Friday, December 01, 2006

Still working on the jacket

Thanks everyone for the great and kind suggestions about my machine. I also got an offer from a knitting friend to drive me and my machine over to "The Sewing Machine Hospital" where she says another friend of hers got good service for her machine. I have decided to take her up on it and now we just have to get together some time. I took this photo of the armscye of the lining to show all the threads sticking out from where they broke every few inches while sewing. It's entirely random, the thread breaking, and so it's always a shock when it happens and makes me crazy. There are only 4 threads showing in this part of the picture but the top thread broke at least 6 times while sewing around the armscye the one time (I sew around it twice and then trim the fabric close to the inner line of stitching)
broken threads
In the meanwhile, I got a flyer today from Sears and they have their most basic Kenmore machine on sale this week for $149 ($30 off). That is about the same machine I started sewing with, over 30 years ago. And I only stopped using it after I just couldn't control the bobbin thread tension any more and I also thought I deserved something bigger and better. The interesting thing about my old Kenmore was that something went "snap" in the bobbin area in the first year I had it and it never really was the same afterwards. I have no idea why I never took it in for repair. Well, the first few years, I had zero money for stuff like that and it did work pretty well - you just couldn't ever topstitch on it and expect good results. Later I guess I just thought no one could do much with it. Silly, I know. Anyway, it was a good workhorse and so I am thinking about getting it again for back up for times like this, when I have to get the Singer serviced. I won't be able to sew anything fancy with it and won't do buttonholes, but it would work for the seams and all the other stuff I do. I'll think on it some more.

In the other meantime, I think I have been in a funk about several things for several reasons and I haven't been sewing or writing or anything. Today, we are having a freezing rain winter storm and after I got home from teaching this morning, I curled up on the sofa and watched the last episode of "October 1970" which I had taped the night before. I think I might be the only person watching it, because I haven't heard that anyone else is. And while it was reviewed in the paper when the first episode was due to air, nothing has been said about in the paper since. I found it very well done and if you want to know more, just type in FLQ at Wikipedia and you'll get a lot of info. It was 8 hours produced by the CBC (and maybe others) and while I would say it had that distinct Canadian tv stamp on it, it wasn't at all unwatchable. (Talk about being damned with faint praise.) I was in grade 7 and living on a military base just north of Quebec City in 1970 so I remember it pretty well.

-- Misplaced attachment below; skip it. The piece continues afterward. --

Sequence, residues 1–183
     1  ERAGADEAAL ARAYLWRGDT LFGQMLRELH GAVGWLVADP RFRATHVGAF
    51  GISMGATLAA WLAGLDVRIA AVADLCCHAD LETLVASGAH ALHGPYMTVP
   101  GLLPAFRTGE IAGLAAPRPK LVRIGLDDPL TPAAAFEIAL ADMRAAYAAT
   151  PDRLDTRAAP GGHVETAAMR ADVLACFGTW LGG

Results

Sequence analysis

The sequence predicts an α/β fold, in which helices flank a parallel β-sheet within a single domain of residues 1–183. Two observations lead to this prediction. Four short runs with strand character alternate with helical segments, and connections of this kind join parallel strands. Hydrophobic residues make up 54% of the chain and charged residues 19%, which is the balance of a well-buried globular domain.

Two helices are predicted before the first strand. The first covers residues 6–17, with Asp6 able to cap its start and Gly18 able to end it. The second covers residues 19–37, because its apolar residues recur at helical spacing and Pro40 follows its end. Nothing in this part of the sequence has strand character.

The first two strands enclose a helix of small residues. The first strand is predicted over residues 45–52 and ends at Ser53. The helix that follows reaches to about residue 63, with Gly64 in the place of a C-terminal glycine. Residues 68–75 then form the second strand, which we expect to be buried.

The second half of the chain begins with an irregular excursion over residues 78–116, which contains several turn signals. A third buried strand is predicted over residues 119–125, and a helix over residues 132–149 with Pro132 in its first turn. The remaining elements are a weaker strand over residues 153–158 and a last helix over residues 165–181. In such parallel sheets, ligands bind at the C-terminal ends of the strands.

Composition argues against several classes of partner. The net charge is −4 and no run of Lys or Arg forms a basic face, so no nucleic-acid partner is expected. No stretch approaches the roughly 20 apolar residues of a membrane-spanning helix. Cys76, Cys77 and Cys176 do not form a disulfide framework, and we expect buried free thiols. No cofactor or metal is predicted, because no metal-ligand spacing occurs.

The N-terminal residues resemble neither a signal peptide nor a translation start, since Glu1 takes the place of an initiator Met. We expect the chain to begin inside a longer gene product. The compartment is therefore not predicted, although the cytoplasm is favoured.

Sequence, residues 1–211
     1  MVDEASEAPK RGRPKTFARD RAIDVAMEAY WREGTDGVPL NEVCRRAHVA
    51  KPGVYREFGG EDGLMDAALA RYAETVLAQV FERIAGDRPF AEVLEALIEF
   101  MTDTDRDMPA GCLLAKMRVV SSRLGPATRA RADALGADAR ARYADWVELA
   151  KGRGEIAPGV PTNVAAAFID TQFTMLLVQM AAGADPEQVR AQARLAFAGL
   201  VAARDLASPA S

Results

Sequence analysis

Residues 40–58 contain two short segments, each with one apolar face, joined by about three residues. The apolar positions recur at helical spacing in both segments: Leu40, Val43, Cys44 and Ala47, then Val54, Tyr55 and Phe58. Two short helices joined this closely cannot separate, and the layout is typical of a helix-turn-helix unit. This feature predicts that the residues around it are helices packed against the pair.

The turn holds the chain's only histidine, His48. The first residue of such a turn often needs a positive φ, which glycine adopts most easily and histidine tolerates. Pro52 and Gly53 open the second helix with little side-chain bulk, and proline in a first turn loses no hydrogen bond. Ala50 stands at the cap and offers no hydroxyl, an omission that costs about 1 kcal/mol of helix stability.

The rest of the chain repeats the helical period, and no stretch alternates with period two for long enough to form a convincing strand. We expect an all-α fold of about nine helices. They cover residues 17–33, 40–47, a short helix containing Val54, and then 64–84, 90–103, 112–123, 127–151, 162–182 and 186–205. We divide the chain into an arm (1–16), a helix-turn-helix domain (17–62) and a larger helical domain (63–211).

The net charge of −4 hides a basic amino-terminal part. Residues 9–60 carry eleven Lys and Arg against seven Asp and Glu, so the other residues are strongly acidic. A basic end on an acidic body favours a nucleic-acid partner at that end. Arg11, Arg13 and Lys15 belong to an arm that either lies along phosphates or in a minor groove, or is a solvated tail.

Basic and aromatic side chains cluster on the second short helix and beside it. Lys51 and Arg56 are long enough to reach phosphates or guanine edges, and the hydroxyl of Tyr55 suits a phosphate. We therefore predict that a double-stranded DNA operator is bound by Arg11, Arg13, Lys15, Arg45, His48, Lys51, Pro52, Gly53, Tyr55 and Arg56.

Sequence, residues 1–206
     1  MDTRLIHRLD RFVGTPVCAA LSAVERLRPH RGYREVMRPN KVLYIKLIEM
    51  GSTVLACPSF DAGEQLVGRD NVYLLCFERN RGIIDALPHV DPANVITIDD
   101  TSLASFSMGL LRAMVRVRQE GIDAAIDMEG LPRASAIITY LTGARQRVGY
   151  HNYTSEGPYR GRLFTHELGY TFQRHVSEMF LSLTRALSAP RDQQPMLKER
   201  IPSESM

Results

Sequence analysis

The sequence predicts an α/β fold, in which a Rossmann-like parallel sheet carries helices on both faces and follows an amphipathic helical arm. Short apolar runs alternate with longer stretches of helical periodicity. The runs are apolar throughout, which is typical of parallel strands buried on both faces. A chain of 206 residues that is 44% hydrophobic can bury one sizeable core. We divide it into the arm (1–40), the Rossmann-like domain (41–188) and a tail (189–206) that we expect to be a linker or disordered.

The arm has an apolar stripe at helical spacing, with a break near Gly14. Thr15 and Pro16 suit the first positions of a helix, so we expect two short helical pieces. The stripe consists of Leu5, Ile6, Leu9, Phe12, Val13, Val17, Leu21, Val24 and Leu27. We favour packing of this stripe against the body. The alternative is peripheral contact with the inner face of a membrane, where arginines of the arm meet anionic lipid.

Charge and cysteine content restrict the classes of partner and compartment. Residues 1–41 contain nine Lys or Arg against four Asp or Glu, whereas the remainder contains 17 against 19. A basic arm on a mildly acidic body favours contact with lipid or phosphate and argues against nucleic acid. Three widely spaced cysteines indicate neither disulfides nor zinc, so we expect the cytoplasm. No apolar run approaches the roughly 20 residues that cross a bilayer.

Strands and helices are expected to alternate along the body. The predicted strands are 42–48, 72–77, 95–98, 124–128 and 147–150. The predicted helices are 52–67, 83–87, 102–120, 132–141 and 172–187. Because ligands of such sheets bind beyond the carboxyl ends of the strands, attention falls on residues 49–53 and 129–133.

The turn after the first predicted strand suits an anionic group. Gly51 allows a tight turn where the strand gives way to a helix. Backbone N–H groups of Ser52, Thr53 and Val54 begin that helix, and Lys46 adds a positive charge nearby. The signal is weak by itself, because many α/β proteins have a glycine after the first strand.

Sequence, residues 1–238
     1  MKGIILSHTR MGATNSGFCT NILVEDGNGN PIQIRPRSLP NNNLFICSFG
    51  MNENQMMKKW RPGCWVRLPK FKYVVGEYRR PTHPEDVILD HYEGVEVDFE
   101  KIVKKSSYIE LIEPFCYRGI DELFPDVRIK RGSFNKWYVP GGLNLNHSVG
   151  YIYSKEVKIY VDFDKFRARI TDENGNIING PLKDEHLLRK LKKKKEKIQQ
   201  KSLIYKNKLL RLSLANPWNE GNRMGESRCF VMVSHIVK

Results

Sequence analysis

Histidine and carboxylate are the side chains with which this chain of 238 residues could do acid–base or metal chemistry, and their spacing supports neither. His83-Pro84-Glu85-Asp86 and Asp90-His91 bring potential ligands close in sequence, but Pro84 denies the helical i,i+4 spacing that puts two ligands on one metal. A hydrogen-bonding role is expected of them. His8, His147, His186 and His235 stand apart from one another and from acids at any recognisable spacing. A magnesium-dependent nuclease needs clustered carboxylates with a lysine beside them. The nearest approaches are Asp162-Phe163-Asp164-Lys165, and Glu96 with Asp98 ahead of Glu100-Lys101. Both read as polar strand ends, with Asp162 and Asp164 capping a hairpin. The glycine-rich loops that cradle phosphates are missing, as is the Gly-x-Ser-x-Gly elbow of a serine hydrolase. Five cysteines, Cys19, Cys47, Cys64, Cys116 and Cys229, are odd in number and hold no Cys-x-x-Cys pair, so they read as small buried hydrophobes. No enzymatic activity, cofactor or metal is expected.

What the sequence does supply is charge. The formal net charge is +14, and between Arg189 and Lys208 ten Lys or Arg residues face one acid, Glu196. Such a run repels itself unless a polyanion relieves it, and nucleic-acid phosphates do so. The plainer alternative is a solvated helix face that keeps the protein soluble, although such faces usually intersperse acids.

After the show ended, I felt like it was freezing in the house but when I checked the temperature, it did say 18C (64.4F) so I thought to warm up, instead of turning up the heat, I would go up and at least iron something, if not sew. This is the "view" I discovered out my sewing room window:
freezing rain
Nasty stuff, freezing rain. I noticed my poor, neglected grey jacket hanging on the door and took it down to see where I had left off. I had sewed the lining to the jacket all around the edges and now I just had to turn it right side out and iron it flat. So I did that and this is how it looks, prior to hemming everything.
grey jacket
It's actually looking pretty good! It has a bit of a sheen to the fabric and it's a nice weight so I think I will end up wearing it quite a bit. But I will definitely have to spice it up with brightly coloured shirts. Now all I have left to do is to sew up the hems of the jacket and lining and that is all done by hand so I won't miss my machine for now. I also have to hem the pants and then lose 5 pounds so they won't be quite so snug. Grr. 10 pounds would be better. Thank goodness my husband has decided to lose some weight too - it's always easier to do when we're in it together.

The last thing for the jacket will be the buttonholes and I could do them by hand but I'd rather use the machine. Instead, while I'm waiting for my SInger to be fixed, I may cut out the wooly winter coat fabric I got a while ago. By the time I am ready to sew it, the Singer will be back, and I won't be violating my Rule about not having more than one project on the go at once.